Introducing GOSA: the Grassroots Organizing School of Alabama!

Trainers and participants in GOSA Cohort #1!

The Grassroots Organizing School of Alabama (GOSA), co-created and co-led by the Alabama Coalition for Immigrant Justice (ACIJ) and United for a Fair Economy (UFE), held our first two Training of Trainers (TOTs) on February 24–26, 2023 at the Birmingham Civil Rights Institute and March 18th at the ACIJ office.

About GOSA

GOSA is bringing UFE’s popular economics education toolkit — custom curricula on economic inequality and racial injustice, facilitation skills, healing for liberation practices, and language justice tools— to Alabama to develop a strong group of organizers that are ready to be activated. Our intent with GOSA is to resource projects – especially projects to build Black and Brown solidarity, and to advance worker rights and fair pay – with organizers who have the analysis and skills to hit the ground running. 

UFE’s founding lead partner, the Alabama Coalition for Immigrant Justice (ACIJ) is a grassroots, statewide network of individuals and organizations that works to advance and defend the rights of immigrants in Alabama. They are using grassroots organizing, alliance-building with immigrants of diverse nationalities, and civic participation / voter engagement to advocate for immigration reform and other just policies.

The first two GOSA Trainings of Trainers

The 15 members of our first cohort took part in our weekend introduction to popular education training. They came from central and northern Alabama, most of them rising organizers with member groups of ACIJ. The majority were immigrant women, predominantly from Mexico. The event was in Spanish. Participants shared their personal experiences and reflected together on the systems and structures that have created stark income and wealth inequality in their communities and in the US as a whole. They practiced facilitating activities and conversations from The Growing Divide, UFE’s core curriculum, designed to engage adult learners in using data to support and validate their experiences in living with income and wealth inequality..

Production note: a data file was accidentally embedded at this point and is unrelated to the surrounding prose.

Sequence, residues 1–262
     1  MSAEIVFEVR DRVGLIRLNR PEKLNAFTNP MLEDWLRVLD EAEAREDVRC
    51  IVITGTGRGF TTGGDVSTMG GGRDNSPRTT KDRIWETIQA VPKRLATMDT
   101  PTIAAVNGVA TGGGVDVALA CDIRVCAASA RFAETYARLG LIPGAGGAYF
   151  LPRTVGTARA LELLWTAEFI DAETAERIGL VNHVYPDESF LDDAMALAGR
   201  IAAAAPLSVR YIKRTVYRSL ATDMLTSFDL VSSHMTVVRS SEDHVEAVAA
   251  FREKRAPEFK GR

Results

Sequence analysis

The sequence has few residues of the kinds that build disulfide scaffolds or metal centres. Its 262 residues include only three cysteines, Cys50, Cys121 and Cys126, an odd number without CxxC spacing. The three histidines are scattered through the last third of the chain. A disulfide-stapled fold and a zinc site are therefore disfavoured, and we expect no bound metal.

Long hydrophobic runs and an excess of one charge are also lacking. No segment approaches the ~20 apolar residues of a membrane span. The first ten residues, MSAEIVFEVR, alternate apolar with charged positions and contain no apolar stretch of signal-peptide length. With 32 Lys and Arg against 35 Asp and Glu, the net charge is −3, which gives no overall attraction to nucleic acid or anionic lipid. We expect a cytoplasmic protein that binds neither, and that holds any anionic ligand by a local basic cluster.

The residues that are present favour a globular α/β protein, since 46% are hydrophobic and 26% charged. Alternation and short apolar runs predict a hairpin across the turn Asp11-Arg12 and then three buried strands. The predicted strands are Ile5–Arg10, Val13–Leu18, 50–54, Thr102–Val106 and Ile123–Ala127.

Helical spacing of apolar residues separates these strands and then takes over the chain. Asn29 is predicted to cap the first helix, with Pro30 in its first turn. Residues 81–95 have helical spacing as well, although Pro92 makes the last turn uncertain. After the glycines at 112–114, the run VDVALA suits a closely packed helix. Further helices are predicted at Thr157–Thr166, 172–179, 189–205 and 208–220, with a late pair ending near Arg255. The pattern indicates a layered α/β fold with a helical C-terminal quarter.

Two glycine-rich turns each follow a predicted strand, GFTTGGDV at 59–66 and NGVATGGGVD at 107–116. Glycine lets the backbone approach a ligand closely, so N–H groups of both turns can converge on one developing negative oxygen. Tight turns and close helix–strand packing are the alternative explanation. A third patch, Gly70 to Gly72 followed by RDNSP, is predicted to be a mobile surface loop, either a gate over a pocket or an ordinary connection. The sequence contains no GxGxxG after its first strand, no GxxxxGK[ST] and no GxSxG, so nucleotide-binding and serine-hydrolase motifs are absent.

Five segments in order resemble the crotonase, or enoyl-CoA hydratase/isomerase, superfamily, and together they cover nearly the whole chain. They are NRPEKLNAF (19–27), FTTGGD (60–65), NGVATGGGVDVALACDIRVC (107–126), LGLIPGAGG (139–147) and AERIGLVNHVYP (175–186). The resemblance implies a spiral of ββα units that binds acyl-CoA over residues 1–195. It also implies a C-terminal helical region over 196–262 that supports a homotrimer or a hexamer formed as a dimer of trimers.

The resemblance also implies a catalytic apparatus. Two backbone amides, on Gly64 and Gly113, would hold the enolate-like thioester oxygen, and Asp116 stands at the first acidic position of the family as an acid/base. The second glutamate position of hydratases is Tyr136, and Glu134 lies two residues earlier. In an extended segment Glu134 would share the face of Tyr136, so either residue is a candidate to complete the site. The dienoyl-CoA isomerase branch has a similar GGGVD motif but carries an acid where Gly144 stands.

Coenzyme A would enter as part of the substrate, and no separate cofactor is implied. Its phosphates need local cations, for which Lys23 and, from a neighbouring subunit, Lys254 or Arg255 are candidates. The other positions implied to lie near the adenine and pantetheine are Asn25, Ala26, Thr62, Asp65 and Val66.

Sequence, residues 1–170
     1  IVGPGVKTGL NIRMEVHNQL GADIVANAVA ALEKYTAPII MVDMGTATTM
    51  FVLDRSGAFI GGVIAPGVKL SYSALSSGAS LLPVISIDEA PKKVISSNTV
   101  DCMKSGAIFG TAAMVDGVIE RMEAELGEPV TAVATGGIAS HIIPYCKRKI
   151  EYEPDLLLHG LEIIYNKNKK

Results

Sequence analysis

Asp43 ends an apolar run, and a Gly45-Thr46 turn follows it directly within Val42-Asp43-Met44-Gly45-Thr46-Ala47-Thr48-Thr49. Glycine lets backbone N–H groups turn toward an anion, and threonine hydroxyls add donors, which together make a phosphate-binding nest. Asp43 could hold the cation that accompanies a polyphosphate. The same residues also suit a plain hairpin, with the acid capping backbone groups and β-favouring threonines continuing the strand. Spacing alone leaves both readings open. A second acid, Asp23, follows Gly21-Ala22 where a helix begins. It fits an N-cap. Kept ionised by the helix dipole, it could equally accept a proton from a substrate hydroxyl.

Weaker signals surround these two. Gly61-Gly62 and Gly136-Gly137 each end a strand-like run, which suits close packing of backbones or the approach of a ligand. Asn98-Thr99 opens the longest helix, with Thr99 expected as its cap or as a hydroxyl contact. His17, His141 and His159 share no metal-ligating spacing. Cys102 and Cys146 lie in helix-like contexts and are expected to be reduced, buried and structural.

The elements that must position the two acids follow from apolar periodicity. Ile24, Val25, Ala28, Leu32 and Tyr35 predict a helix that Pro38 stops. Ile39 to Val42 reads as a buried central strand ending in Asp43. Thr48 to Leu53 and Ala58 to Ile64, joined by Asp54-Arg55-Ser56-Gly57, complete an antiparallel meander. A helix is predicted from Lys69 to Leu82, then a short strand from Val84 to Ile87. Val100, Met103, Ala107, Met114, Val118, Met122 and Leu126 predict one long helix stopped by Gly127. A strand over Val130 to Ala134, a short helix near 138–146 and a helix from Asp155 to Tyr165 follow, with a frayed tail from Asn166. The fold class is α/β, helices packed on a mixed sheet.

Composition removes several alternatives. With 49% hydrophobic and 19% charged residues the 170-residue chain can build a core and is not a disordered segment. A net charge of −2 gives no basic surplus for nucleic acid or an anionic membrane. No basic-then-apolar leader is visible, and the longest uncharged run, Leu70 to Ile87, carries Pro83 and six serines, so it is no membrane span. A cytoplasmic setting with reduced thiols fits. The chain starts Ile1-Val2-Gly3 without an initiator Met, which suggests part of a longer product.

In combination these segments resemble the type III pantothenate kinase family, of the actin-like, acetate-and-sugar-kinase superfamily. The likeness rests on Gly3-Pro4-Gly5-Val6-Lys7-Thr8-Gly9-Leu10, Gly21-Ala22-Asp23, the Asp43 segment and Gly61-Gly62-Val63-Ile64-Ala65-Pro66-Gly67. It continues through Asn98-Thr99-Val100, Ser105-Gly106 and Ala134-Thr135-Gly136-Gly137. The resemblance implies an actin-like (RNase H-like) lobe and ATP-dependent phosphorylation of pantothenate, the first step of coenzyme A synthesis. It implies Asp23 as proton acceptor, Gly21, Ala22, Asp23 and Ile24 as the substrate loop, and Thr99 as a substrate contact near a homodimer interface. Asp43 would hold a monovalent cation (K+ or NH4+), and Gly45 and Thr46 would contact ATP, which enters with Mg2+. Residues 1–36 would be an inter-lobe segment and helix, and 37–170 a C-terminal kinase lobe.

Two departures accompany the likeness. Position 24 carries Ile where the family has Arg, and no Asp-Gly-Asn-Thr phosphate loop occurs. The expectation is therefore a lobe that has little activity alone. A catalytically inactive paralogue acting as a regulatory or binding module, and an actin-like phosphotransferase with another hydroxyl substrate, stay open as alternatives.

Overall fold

That first training also included content on African American history, reflecting our focus on Black and Brown solidarity. We hosted it intentionally at the Birmingham Civil Rights Institute, where participants went on a tour and took part in an activity to learn about the struggles of the Black community during the Civil Rights Movement of the 1950s and 1960s. They viewed exhibits that bring to life the conditions of segregated schooling, the violence wielded against Black communities, and the organized resistance and fights for human rights. Together, UFE and ACIJ staff and participants learned more about systems of racial injustice from enslavement to mass incarceration.

On March 18, this cohort reconvened for a one-day follow up TOT. As described by UFE Popular Educator and Executive Director Jeannette Huezo, it was “an intense day of learning, practice, experience, support, and solidarity.” Participants dove more deeply into popular education methodology, practiced facilitating activities, and supported each other to reflect and grow.

Why Alabama